Acquiring knowledge, building strength
Updated: 2015-09-05 07:42
By Cecily Liu(China Daily Europe)
Zhuzhou CSR is doing the work at Dynex because the semiconductor technology is at the heart of the drivetrain system, so working with Dynex's existing capability can better deliver cost-effective and well-tailored products for customers, Taylor says.
Another case of synergy is Chongqing Machinery & Electric Co's acquisition of Manchester-based Precision Technologies Group in 2010. Neil Jones, group business development director at Precision Technologies, says the Chongqing company has demonstrated its regard for research and development by allowing it to invest 12 to 15 percent of revenue in R&D.
"Chongqing Machinery & Electric has realized that R&D is at the heart of what we do today and for the future," he says. "They allow us to invest in R&D to improve our processes, quality and accuracy, which is at the forefront of precision engineering and technology."
Most of the R&D that Precision Technologies does is on advanced machine tools such as the Zenith, a precision helical grinding machine that the company developed through an intensive effort.
The investment has paid off because the machine is significantly better than similar machines sold by competitors, and as a result, Precision Technologies has taken customers away from rivals, Jones says.
Meanwhile, Precision Technologies also works closely with the parent company subsidiary Chongqing Machine Tool Group Co to make compressor rotors for the Chinese market, which involves extensive joint R&D and knowledge sharing.
Often, research and development is crucial for a Chinese company to reap all the benefits of an acquisition, as shown by the Chinese automotive manufacturer SAIC Motor Corp Ltd, which bought technology relating to the Rover 75 and Rover 25 models after the British carmaker MG Rover collapsed in 2005.
To help SAIC fully integrate MG Rover's intellectual property into its own cars, the British consulting firm Ricardo Group offered to provide an R&D center in Britain to train SAIC's engineers.
The center, in the English Midlands, employed about 200 engineers, many of whom were former MG Rover employees. The center was later integrated into SAIC's UK operation.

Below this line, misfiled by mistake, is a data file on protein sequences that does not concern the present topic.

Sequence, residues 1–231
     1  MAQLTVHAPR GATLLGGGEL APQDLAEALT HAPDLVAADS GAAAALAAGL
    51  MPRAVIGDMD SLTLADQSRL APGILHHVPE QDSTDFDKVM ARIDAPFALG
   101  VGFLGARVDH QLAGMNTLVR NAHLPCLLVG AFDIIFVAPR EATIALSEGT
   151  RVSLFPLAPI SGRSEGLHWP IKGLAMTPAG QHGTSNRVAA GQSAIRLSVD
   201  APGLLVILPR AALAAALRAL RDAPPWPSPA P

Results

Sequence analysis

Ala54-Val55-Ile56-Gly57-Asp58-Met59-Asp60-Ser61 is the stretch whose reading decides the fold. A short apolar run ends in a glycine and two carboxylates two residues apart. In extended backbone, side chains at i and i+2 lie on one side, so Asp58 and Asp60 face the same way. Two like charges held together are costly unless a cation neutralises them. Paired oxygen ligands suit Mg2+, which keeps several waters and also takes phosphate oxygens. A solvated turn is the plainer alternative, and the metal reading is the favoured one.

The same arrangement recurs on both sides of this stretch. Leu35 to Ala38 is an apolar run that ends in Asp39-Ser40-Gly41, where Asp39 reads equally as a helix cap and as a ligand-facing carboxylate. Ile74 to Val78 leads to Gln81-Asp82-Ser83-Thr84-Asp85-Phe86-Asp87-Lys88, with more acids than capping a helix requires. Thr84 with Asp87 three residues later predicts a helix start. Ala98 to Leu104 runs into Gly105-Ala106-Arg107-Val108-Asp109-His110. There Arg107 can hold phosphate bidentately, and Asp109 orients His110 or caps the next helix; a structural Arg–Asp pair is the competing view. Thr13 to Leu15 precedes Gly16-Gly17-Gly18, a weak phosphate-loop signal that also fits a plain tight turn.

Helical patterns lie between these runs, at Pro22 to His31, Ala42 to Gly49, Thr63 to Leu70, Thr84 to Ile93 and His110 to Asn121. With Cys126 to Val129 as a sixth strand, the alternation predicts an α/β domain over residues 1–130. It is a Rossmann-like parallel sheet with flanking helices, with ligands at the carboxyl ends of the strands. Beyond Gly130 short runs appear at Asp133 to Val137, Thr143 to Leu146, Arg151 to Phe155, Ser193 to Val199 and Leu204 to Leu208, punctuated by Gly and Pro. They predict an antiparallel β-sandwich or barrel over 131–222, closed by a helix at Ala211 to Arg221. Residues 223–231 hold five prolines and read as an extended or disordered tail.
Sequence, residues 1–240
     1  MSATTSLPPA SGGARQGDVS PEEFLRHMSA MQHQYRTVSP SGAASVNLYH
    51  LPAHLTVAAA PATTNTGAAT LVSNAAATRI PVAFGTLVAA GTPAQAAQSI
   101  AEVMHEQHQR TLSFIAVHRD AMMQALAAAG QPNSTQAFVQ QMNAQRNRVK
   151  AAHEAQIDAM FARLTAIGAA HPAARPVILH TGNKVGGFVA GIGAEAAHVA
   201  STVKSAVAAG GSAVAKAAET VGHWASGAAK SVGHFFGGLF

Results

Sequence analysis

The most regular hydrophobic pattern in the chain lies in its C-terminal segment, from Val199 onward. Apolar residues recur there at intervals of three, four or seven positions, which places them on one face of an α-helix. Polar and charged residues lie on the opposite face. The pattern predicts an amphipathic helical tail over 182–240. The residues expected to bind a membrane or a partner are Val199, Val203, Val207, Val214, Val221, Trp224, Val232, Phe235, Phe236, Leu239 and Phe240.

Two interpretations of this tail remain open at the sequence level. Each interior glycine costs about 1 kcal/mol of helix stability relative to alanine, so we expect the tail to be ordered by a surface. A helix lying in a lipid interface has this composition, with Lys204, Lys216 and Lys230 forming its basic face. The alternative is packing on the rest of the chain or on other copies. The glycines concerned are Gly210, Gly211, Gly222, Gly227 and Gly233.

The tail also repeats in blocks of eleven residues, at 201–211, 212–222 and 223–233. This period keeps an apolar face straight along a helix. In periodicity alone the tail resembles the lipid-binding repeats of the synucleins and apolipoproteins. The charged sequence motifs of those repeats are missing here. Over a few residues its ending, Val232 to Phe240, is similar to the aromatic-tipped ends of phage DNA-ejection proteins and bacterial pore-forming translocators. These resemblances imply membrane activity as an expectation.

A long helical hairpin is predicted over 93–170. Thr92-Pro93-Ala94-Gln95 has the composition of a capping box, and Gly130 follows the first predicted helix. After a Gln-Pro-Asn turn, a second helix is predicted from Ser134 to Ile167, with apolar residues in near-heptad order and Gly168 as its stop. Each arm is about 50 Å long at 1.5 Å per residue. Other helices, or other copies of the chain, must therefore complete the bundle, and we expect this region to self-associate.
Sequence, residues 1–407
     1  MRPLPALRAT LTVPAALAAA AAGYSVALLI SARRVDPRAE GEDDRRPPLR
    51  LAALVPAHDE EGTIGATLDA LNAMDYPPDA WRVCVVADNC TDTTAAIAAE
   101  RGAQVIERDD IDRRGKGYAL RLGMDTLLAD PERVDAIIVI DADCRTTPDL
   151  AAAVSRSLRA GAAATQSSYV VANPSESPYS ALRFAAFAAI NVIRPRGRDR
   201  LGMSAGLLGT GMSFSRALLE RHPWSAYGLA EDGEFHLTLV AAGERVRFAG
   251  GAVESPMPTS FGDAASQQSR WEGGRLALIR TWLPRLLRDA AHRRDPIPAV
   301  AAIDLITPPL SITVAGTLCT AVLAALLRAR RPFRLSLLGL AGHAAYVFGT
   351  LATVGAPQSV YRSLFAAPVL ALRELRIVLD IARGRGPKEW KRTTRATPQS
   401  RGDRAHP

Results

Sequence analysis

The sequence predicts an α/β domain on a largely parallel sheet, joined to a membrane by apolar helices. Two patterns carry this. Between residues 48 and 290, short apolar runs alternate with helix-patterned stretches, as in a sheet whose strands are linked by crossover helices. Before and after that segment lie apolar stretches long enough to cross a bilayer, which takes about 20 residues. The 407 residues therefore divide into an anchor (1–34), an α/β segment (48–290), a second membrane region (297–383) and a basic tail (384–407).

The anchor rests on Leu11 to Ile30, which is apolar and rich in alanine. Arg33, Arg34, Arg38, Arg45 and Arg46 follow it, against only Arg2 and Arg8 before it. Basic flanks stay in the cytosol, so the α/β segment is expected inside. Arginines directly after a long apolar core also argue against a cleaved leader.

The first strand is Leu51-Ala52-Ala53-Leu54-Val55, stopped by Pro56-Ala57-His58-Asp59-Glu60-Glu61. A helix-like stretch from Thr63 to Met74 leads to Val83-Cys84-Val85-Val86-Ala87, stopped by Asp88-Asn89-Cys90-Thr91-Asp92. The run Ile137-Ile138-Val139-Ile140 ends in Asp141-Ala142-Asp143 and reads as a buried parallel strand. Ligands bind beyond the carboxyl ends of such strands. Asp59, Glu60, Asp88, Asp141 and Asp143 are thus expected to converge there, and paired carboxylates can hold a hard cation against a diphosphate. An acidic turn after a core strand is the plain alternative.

Mark Garrett, chief operating officer of Ricardo Group, says his company's help in setting up the R&D center enabled the intellectual property that SAIC had bought from MG Rover to be applied quickly to create new products, such as the Roewe 550.
A new automobile with MG technology, Roewe 550 was fully compliant with European Union crash performance standards and was launched in the China market within three years.
In addition, many Chinese companies have set up joint R&D projects with European universities, leveraging the expertise of these universities' researchers. Once new research is developed on campus, the companies take the technology into their own laboratories for product commercialization.
One example is the participation of Huawei in the University of Surrey's 5G Innovation Centre, launched in 2013, as a founding member and industry partner. It is investing 5 million pounds in the center and has provided expertise in and equipment for testing by the center.
Keith Robson, CEO of the center, says as the R&D work focuses on developing a common standard for 5G technology, having an important telecommunications company like Huawei as a member is important because it means Huawei's 5G standards will fit well with the global standard as it develops.
Without a common standard, there is risk of 5G technology fragmentation, meaning that individual industries, such as automotive, financial services, healthcare and telecommunications, wouldn't benefit from the integration of 5G.
Robson says the Huawei equipment is of a quality that only a few companies in the world can deliver.
The Huawei team is now at the University of Surrey helping with a large-scale installation of advanced 4G equipment as part of the innovation center's unique 5G test facility, which will open at the University's Guildford campus in September. Huawei soon will also provide the center some of its 5G equipment, which represents advanced and newly developed technology.
The University of Nottingham is also conducting R&D for electric and hybrid vehicles with Chinese automotive manufacturer FAW Group Corp, focusing on thermal management and improving thermal efficiency.
The thermal management research focuses on keeping the temperature of electric car batteries within a range for optimal operation, which will also improve safety and prolong the lifespan of batteries, says Yan Yuying, a professor of thermofluids engineering and head of the HVACR (heating, ventilating, and air conditioning) and Heat Transfer Institute at the University of Nottingham.